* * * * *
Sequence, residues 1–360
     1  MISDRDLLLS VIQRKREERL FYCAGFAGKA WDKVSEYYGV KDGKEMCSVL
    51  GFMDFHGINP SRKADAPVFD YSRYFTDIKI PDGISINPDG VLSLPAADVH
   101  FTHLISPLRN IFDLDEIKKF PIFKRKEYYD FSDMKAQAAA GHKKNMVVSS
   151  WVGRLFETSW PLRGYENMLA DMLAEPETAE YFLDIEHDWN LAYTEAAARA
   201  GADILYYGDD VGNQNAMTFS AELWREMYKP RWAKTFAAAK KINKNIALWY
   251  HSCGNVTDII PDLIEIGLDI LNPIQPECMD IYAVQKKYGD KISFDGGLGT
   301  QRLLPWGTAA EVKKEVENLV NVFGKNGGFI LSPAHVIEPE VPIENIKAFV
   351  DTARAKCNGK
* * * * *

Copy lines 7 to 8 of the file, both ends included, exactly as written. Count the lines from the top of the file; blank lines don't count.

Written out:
   251  HSCGNVTDII PDLIEIGLDI LNPIQPECMD IYAVQKKYGD KISFDGGLGT
   301  QRLLPWGTAA EVKKEVENLV NVFGKNGGFI LSPAHVIEPE VPIENIKAFV